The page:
It would cost more than £5bn to repair the potholes on England’s roads as councils struggle to make repairs because of cuts to their budgets, Labour claims.
A survey of 152 local authorities found that 40 per cent had a backlog totalling £5.36bn, while 92 per cent of the 111 which responded to the questionnaire don’t currently have the money to fix the roads in their area.
Labour estimate that if the £5.36bn bill is reflected across England, the total cost could come to £13.4bn.
It found 17 local authorities reported individual backlogs of more than £100m, with three county councils – North Yorkshire, Kent and Devon – having backlogs in excess of £400m.
Nearly three-quarters of the councils which responded were cutting their road maintenance budgets in real terms, the survey found.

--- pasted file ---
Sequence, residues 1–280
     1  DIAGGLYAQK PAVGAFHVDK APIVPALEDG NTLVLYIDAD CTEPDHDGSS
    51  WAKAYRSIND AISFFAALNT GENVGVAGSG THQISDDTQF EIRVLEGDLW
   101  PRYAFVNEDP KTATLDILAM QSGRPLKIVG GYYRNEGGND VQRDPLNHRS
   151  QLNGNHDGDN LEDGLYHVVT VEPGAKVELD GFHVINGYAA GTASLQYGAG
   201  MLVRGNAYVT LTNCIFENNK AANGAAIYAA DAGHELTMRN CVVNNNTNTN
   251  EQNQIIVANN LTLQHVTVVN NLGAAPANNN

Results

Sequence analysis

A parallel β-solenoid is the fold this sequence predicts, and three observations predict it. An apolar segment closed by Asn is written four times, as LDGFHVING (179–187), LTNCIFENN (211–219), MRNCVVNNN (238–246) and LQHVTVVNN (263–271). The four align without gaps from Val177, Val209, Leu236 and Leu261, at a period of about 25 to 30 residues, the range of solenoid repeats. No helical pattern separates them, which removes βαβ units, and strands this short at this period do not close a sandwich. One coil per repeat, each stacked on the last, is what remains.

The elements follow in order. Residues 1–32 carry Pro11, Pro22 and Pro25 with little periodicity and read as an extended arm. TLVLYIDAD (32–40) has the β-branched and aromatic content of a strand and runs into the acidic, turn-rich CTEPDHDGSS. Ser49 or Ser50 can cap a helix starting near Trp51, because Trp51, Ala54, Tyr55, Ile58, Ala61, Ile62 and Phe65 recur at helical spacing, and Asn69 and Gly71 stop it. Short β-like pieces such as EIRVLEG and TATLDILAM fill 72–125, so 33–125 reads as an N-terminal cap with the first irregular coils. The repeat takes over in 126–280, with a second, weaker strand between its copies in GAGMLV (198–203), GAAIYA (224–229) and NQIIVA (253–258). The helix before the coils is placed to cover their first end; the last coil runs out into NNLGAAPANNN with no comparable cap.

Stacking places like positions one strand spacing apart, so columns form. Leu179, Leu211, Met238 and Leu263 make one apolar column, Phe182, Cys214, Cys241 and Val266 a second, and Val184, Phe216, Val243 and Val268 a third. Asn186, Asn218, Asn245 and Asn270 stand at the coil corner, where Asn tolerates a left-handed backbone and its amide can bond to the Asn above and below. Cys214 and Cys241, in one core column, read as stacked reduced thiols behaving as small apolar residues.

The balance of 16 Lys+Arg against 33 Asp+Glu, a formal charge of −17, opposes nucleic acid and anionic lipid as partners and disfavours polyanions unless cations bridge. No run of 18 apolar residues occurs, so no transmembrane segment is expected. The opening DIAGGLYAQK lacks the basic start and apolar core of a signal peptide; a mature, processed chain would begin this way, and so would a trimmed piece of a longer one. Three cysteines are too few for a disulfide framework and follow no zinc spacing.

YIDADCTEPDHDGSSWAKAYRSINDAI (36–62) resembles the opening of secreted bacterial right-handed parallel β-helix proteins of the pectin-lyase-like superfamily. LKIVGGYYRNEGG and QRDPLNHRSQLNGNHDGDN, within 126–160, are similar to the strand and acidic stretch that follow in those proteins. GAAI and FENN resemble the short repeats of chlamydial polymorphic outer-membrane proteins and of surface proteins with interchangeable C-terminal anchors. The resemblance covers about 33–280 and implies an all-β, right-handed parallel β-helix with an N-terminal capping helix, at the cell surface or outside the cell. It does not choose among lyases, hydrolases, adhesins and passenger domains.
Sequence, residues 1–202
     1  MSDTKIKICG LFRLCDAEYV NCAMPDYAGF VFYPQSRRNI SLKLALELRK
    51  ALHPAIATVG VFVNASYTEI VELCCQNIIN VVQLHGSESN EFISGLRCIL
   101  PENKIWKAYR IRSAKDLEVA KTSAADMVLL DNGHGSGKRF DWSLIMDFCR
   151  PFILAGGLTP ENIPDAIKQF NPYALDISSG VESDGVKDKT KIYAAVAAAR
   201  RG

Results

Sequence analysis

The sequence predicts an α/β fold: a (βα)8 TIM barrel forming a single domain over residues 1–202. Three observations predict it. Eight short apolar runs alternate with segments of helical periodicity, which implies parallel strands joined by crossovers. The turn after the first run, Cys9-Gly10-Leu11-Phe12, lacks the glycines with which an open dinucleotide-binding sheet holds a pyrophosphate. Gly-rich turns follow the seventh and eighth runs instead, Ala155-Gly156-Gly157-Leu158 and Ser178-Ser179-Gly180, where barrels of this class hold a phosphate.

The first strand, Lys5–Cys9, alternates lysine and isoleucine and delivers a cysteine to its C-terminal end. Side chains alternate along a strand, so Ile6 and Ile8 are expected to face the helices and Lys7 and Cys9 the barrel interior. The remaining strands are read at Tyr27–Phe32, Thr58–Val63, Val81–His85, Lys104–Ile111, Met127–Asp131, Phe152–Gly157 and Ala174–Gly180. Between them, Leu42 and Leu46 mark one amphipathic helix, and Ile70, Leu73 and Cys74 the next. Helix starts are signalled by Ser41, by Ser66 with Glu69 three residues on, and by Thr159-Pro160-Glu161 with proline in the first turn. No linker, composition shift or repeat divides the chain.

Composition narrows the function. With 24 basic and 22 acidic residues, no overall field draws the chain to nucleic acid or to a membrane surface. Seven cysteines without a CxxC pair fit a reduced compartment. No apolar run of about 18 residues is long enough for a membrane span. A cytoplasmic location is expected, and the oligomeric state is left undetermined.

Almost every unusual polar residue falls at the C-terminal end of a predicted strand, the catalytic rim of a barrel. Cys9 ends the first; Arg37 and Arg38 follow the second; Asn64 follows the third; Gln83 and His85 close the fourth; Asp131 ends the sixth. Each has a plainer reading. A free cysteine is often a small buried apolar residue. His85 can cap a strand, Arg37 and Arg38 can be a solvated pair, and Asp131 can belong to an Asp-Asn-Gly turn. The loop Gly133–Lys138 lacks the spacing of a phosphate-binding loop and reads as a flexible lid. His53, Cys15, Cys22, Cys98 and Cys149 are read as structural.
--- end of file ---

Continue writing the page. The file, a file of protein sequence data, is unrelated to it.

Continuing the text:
Shadow Roads Minister John Woodcock said: “Potholes frustrate road users more than anything and it’s clear that the Tory-led government has no serious long-term plan to get our roads back into shape.
“These new figures reveal the worsening state of England’s roads as a result of the Government’s cuts – potholes have become a £13bn problem under the Tories.
“Motorists and cyclists are already furious that ministers have pretended to give councils extra money to repair potholes when all they’ve done is replace a fraction of the £432m they had axed from road maintenance budgets.
“Instead of continually patching up knackered road surfaces with a bucket of tar we need a proper strategic plan for local roads which could save taxpayers’ money a fortune in the long-term.”
Responding to the claims, Transport Secretary Philip Hammond said: “This Government understands what a problem potholes on our roads can be, that’s why we are making available £3.2bn over the next four years for road maintenance and we found an extra £200m for councils to tackle the consequences of the extreme cold weather last winter.”